You can take bucks by creating mock scrapes. Derrick Jones creates an effective mock scrape in 2 minutes or less. “I use my boots to clear away leaves and debris to expose the ground on the edge of a terrain break – an old road, the edge of a pine thicket that adjoins CRP land or a deer trail along a creek. Then I urinate on that exposed ground and walk away. Biologists agree that the ammonia in the urine – humans or animals – attracts deer. Within a week I’ve gotten trail-camera pictures of bucks and does working my scrapes. An advantage of creating these quickie scrapes is I can put a trail camera nearby and get the deer’s photos. I usually see several different bucks and does coming to my quickie mock scrapes.”
I interviewed Kyle Hooten of St. Mary’s, Kansas, a couple of years ago who had read numerous articles about other deer hunters who had created mock scrape trees and been very successful with them. For three years Hooten and his dad had used this almost surefire tactic in their region of the U.S. and had taken several 150-160 point bucks using a mock scrape tree. Here’s what Hooten did in his own words.
“I’ll cut down either a big limb or a small oak tree – 3-4 inches in diameter at its base – dig a hole and put that tree where I want it to be,” Hooten reports. “Then I use ScrapeFix powder (https://www.scrapefix.com/) on the limbs and under the tree on the ground and place other types of deer lure and deer scents under the tree. We’ve found that these mock scrape trees work best during the prerut in our area when the bucks are searching for that first estrous doe. If the bucks break limbs on the mock scrape tree by rubbing their antlers and their foreheads there, I’ll simply screw a new limb into the trunk of that tree, and the deer can work it again.”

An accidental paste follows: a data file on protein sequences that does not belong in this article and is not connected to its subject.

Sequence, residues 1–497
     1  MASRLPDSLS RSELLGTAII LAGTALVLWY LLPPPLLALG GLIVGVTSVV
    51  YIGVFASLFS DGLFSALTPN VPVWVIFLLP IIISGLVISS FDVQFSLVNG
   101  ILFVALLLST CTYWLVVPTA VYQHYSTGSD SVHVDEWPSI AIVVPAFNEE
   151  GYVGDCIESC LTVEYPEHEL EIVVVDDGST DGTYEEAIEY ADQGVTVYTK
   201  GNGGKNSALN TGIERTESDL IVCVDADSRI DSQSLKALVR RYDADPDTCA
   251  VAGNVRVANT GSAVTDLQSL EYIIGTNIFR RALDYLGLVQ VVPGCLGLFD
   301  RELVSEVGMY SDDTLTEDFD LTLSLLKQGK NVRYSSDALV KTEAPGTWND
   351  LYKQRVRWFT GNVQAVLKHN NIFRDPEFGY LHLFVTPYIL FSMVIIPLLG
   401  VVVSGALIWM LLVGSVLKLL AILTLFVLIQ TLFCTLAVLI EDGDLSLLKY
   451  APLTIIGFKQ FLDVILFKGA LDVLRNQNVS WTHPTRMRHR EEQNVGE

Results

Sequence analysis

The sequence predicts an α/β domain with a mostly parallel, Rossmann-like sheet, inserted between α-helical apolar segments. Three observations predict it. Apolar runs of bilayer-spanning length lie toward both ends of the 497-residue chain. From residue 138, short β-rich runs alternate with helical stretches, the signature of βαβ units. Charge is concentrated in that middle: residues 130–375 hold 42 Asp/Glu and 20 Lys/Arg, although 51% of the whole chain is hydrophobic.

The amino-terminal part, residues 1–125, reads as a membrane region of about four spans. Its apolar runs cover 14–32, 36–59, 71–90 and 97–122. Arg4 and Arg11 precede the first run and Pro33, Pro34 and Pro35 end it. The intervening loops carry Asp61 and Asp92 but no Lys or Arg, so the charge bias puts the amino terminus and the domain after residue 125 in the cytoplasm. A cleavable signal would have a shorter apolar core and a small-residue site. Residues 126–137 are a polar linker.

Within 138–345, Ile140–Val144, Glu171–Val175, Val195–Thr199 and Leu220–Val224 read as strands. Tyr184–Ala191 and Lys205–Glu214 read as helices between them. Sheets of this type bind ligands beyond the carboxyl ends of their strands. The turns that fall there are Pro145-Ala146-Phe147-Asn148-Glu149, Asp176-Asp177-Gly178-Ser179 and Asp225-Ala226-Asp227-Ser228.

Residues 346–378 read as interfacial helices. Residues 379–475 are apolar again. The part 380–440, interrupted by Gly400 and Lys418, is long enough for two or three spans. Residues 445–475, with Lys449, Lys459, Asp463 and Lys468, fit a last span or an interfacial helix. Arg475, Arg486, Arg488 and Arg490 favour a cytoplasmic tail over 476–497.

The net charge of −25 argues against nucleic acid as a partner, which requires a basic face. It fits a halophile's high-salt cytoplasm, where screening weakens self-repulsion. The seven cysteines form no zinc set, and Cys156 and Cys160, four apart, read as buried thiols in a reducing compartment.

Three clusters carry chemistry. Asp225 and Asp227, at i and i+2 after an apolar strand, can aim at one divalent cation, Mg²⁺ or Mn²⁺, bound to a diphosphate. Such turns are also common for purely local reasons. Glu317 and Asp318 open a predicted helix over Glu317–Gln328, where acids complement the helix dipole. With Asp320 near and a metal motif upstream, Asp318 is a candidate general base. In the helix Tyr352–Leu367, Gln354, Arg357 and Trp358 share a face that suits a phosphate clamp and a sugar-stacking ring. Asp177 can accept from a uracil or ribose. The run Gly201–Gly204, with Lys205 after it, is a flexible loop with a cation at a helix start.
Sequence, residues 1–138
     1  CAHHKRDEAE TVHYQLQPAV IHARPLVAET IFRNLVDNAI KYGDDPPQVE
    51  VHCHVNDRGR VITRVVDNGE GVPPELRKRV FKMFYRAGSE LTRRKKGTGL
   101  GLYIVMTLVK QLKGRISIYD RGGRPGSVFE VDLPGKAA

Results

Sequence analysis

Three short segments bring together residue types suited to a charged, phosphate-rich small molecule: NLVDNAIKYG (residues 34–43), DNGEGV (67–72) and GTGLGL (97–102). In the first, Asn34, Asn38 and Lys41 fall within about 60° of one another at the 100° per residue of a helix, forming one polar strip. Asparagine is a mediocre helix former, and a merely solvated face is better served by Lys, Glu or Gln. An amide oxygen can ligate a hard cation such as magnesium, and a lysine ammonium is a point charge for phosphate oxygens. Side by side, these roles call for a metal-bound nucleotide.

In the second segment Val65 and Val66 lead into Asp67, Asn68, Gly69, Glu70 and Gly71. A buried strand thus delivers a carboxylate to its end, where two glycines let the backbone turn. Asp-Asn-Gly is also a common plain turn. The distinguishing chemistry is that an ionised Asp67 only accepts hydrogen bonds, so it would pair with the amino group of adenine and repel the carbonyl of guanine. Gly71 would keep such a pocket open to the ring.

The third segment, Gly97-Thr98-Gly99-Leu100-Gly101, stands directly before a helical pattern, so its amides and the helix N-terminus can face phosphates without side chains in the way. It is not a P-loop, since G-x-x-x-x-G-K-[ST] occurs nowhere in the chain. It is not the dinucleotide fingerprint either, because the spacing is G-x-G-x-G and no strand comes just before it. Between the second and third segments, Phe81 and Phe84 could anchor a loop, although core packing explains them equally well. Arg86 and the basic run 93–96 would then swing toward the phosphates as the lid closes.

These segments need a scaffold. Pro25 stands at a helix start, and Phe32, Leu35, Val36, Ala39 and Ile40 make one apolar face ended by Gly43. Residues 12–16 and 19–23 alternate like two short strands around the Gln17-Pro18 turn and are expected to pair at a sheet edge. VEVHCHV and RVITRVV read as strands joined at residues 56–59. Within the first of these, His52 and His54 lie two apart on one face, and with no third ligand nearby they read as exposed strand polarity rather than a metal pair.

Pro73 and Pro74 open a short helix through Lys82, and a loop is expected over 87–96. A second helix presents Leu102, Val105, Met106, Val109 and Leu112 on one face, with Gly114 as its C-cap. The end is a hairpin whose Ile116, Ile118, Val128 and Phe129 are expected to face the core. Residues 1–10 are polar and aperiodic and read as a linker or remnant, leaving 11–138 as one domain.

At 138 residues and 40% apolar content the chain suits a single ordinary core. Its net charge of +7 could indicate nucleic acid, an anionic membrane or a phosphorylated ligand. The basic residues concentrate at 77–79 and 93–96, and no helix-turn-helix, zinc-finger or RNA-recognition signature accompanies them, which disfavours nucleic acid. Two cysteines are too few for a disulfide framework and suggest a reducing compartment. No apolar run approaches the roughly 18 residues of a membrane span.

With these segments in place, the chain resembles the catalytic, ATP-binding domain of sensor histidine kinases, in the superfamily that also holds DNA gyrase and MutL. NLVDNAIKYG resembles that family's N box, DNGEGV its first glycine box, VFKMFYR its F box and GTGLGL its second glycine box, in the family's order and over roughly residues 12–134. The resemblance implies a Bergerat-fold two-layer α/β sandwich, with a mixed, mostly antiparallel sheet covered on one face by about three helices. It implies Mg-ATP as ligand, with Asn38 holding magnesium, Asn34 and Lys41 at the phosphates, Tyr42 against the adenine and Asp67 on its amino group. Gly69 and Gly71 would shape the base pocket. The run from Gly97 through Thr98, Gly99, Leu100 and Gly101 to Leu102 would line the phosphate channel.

To learn more about hunting deer, check out John E. Phillips’ book, “How to Hunt Deer Like a Pro,” available in Kindle, print and Audible versions, at (http://amzn.to/YpoQHA), and “13 Chili Recipes You Can’t Live Without,” available in Kindle at http://amzn.to/12o31fr. You may have to copy and paste these links into your browser. (When you click on this book, notice on the left where Amazon says you can read 10% of the book for free, and you can hear 10% for free). On the right side of the page and below the offer for a free Audible trial, you can click on Buy the Audible book. To see more of John’s deer-hunting books, visit http://www.amazon.com/author/johnephillips. John’s latest book, “Elk: Keys to 23 More Hunters’ Success,” was just published in Audible on November 15, 2021, and is available in Kindle, print and Audible at https://www.amazon.com/gp/product/B09B2H9V6Y/ref=dbs_a_def_rwt_hsch_vapi_taft_p1_i10.
Tomorrow: Use GPS and Hunting Aids for Big Bucks